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Listeria and produce: a troublesome liaison

Posted: 27 October 2014 | Reha O. Azizoglu, Lisa Gorski and Sophia Kathariou, North Carolina State University | No comments yet

Human illness due to Listeria monocytogenes (listeriosis) has been mostly frequently attributed to highly processed, cold-stored, ready-to-eat foods such as deli meats, seafood, soft cheeses and other dairy products. However, the first outbreak of listeriosis to confirm foodborne transmission of L. monocytogenes (Maritime Provinces outbreak, 1977-1981) involved produce (coleslaw). In recent years increasing numbers of listeriosis outbreaks have involved fresh produce, and contaminated produce continues to contribute to numerous recalls. Such trends highlight the significance of prevention and control measures for Listeria on fresh produce.

Listeria and produce: a troublesome liaison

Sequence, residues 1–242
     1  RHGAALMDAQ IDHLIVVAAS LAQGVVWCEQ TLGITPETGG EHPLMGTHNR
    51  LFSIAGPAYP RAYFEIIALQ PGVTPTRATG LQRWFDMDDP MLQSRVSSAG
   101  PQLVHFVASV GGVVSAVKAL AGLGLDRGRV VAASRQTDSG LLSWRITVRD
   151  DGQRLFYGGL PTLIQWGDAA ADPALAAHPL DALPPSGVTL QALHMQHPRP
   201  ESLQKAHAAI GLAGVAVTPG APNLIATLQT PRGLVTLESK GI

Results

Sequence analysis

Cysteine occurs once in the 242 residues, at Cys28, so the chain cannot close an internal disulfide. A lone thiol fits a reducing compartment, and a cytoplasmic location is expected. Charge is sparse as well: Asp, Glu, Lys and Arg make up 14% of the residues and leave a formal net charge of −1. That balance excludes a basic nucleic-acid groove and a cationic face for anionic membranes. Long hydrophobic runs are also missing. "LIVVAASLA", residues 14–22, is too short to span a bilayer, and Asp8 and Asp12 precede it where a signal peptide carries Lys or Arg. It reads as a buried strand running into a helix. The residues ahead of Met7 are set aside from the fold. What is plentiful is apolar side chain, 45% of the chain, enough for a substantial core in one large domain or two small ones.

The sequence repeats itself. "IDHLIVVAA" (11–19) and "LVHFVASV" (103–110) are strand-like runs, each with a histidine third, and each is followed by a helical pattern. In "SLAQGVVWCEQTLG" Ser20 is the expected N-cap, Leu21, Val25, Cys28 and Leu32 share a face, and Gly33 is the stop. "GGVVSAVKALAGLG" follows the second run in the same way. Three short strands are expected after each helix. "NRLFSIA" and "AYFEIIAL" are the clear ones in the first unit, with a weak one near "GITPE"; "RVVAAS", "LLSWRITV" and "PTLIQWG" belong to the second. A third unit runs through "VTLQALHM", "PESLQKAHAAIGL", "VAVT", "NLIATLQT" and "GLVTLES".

With the increased emphasis on good nutrition and health-promoting eating habits, consumers are encouraged to consume more fresh or minimally processed fruits and vegetables. While beneficial for health, the consumption of untreated produce is also a leading contributor to foodborne illness in industrialised nations. Contaminated produce has been implicated in nearly half of the foodborne outbreaks of illness in the United States and the European Union, with leafy vegetables being associated with more foodborne illness than any other fresh produce commodity. Produce-related outbreaks and sporadic illness are most often attributed to Escherichia coli and Salmonella, but an increasing number of high profile produce outbreaks and product recalls have occurred due to Listeria monocytogenes. Fresh produce such as cantaloupe, leafy greens and sprouts represent challenging food matrices with limited post-harvest mitigations to reduce L. monocytogenes adherence and growth, underscoring a need for new pathogen control strategies.